Varicam 35 Captures 4K Video for BBC’s New Hybrid Kids’ TV Series
Apple Tree House, a production for CBeebies, is a new TV series for small children under age six that combines live action and animation. The shoot for the thirty 15-minute episodes was led by director of photography Kelvin Richard, who captured the live-action sequences in ProRes 422 and 4K on the Panasonic VariCam 35, supplied by 24-7 Drama in London.
The story’s main character Mali is a boy whose family has just immigrated to the UK and moved into an inner city estate in London where he and his new friends overcome childhood dilemmas together and solve problems, with various messages about life to engage a young audience.
Child’s Eye View
One reason the production chose the Varicam is that the animators working on the show needed high quality images for the live action/animation transition scenes. Because the VariCam can record in true 4K, the video required relatively little processing in post-production to clean up.
This series was, in fact, originally pitched as an animated project, but the producers wanted to create a show that reflected more authentically the way the world is seen through the eyes of children growing up in families that have recently arrived in the UK. Throughout, the original animation inspired a multimedia element to the production. Producer Gregory Boardman said, "The show is based on a child's view of the world. You can see into what they think of the world or of what an adult has said."
Kelvin Richard, the DP, talked about meeting these expectations. "The animators wanted much higher quality than Pro Res 422 HQ, and also they wanted to use true 4K rather than 2K or UHD 4K as you find in many cameras. One of the few cameras that can do this natively and internally is the VariCam," he said. "Furthermore, in order to use on a dolly, handheld or in an Easyrig, the camera had to be as compact as possible. The VariCam 35 was able to satisfy both of those criteria. It also felt right to suggest it - because we had a new series, I felt we should go for a new camera as well."
Two Native Sensors
As well as the resolution, the quality of the colour reproduction and the dual-native 800/5000 ISO setting on the VariCam 35 has meant the footage has not needed much adjustment for looks. The production made use of the dual ISO function during filming, primarily shooting at the native 800 ISO but increasing this to 2500 ISO for a number of the low light scenes.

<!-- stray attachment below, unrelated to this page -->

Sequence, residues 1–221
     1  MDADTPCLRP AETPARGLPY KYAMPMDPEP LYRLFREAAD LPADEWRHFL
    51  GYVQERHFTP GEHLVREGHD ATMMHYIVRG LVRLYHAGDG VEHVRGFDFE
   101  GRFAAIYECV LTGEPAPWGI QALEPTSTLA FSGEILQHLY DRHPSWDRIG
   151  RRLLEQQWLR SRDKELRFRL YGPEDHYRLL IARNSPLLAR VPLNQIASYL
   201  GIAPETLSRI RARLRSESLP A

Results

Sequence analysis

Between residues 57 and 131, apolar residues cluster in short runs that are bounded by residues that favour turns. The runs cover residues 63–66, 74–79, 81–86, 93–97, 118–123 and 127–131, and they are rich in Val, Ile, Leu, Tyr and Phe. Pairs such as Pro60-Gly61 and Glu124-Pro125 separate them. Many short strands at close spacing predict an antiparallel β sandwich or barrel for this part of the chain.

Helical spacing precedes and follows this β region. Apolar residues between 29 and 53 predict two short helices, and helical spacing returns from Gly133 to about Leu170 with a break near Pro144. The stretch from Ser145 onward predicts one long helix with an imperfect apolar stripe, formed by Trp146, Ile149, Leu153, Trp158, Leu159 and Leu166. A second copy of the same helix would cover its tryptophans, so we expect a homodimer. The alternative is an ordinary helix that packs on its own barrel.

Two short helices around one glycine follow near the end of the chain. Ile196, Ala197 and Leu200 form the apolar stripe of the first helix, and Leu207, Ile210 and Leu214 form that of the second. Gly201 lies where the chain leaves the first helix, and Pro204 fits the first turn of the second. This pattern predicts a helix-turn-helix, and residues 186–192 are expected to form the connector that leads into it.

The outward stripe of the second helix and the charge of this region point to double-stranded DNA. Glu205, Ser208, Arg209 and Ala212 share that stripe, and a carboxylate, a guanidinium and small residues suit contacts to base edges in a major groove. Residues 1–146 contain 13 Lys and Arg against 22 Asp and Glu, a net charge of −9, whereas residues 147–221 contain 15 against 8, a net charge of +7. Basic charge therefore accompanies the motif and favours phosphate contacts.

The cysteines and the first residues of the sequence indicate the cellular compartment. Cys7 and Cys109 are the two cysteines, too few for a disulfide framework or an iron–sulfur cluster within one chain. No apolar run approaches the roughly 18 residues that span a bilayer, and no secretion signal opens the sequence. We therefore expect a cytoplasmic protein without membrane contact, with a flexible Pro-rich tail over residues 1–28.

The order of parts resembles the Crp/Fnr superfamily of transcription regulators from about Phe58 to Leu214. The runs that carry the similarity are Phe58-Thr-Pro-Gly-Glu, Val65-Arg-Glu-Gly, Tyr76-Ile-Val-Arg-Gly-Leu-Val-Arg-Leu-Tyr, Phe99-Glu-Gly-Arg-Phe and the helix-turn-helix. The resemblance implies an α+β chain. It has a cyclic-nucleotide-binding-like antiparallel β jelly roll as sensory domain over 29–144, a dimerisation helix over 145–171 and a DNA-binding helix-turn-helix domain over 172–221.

The VariCam 35 is built with two native sensors, one set at 800 and another at 5000 ISO. Kelvin said, "We had a moon surface scene which would require more light because we intended to shoot at a higher frame rate for a slow motion effect. But we were working to a tight schedule and setting up additional lighting would have required more time than we had to complete the scene. We could set the camera to 2500 ISO quite quickly, which gave me the shooting stop we needed without having to reconfigure the lighting set up. From what I saw, the noise was very low - comparable to the native 800, which is a great achievement.
"We're only slightly touching what comes straight off the camera. It's quite a true look and is very complementary to the different flesh tones we have on the show, for example, which all reproduced well. I have been involved in the initial colour correction and the show is grading well without too many changes on my part on set. The production team has been very happy. Because it looks great natively, from there it's just a case of whether you want to warm it up for the sensibility of the show.”
"I especially like the way the VariCam 35 settings handle the highlights, producing a nice 'wraparound' feel. What I like about the VariCam look is that it's very complementary to the highlights. It's sympathetic towards them and doesn't blow them out. With or without filters, it still has quite a balanced look even when you're shooting at a wide dynamic range. I'm in favour of the Panasonic look in any case - you have a good look directly from camera, and don't have to spend a lot of time making it a good look afterwards in post. It has that look inherently."
On set, the intuitive nature of the interface helped get the shoot started quickly, without having to stop and adjust the settings every time. "I personally prefer not to have to adjust settings constantly, because the more settings you have to change and check the more you're getting away from actually shooting the image,” Kelvin said. “Saving out set-up data to SD cards also allowed the crew to load their extra cameras, when deployed, with the main camera set-up parameters, which saved more time. business.panasonic.com